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The Law of the SeaProgress and Prospects$
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David Freestone, Richard Barnes, and David Ong

Print publication date: 2006

Print ISBN-13: 9780199299614

Published to Oxford Scholarship Online: January 2010

DOI: 10.1093/acprof:oso/9780199299614.001.0001

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Reflections on the 1982 Convention on the Law of the Sea

Reflections on the 1982 Convention on the Law of the Sea

Chapter:
(p.28) 2 Reflections on the 1982 Convention on the Law of the Sea
Source:
The Law of the Sea
Author(s):

L Dolliver M Nelson

Publisher:
Oxford University Press
DOI:10.1093/acprof:oso/9780199299614.003.0002

The 1982 United Nations Convention on the Law of the Sea (LOSC) can be considered a monument to international cooperation. It is some ten years since the Convention came into force, and as of September 2005, the number of States parties had reached 149 — with ratifications and accessions in the last two years from Canada (2003), Lithuania (2003), Denmark (2004), Latvia (2004), Burkina Faso (2005), and Estonia (2005). This increasingly widespread participation can only enhance the authority of this instrument. This chapter discusses the codification of LOSC, interaction between the conference and state practice, amendments, declarations and statements, the introduction of the common heritage of mankind as a bold new concept towards developing public order of the oceans, and the International Tribunal for the Law of the Sea.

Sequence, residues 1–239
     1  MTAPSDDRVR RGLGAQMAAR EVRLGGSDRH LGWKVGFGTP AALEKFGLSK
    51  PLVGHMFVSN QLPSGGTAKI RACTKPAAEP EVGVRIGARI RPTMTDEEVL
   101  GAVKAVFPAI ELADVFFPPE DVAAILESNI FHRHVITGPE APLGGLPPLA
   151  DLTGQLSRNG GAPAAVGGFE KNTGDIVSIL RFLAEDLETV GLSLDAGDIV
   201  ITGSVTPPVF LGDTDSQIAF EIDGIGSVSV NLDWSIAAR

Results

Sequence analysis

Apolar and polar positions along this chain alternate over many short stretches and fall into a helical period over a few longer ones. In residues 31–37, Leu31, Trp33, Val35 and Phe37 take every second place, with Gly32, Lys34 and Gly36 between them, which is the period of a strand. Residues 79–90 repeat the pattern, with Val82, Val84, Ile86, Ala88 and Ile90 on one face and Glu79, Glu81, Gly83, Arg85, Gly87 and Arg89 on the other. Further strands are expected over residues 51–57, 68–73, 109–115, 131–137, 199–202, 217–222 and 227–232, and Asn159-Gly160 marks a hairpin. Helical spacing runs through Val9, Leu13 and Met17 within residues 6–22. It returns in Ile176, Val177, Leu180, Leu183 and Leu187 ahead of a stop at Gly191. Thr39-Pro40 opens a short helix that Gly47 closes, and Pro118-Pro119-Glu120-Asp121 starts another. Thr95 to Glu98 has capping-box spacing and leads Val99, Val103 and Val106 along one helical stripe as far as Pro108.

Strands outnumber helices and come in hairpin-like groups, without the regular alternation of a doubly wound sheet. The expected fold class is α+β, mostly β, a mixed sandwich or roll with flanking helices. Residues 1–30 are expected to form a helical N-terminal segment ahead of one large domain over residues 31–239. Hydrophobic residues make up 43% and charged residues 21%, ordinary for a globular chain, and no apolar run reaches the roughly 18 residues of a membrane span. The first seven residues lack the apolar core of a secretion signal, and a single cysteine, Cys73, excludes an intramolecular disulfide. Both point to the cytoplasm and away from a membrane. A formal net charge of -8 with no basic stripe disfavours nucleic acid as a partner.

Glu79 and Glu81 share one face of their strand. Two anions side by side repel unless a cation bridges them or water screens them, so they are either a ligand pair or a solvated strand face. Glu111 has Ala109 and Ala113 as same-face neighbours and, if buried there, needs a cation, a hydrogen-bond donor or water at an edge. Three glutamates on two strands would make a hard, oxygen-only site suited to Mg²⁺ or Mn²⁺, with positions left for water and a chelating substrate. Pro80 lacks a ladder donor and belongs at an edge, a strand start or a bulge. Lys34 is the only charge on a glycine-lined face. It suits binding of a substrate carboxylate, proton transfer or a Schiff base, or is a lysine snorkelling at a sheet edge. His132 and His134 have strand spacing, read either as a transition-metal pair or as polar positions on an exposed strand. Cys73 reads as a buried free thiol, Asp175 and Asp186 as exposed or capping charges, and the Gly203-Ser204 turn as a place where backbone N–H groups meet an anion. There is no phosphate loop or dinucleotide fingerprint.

Keywords:   United Nations Convention, oceans, international cooperation, codification, common heritage, International Tribunal

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